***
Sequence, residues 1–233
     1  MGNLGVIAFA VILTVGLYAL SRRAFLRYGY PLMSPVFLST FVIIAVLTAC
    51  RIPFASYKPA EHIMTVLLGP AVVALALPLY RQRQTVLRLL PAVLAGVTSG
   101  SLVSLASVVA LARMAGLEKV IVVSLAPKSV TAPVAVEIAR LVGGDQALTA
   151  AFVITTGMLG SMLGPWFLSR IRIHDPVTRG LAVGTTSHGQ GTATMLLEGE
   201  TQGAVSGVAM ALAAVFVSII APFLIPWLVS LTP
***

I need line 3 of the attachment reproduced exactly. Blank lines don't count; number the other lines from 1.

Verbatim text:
    51  RIPFASYKPA EHIMTVLLGP AVVALALPLY RQRQTVLRLL PAVLAGVTSG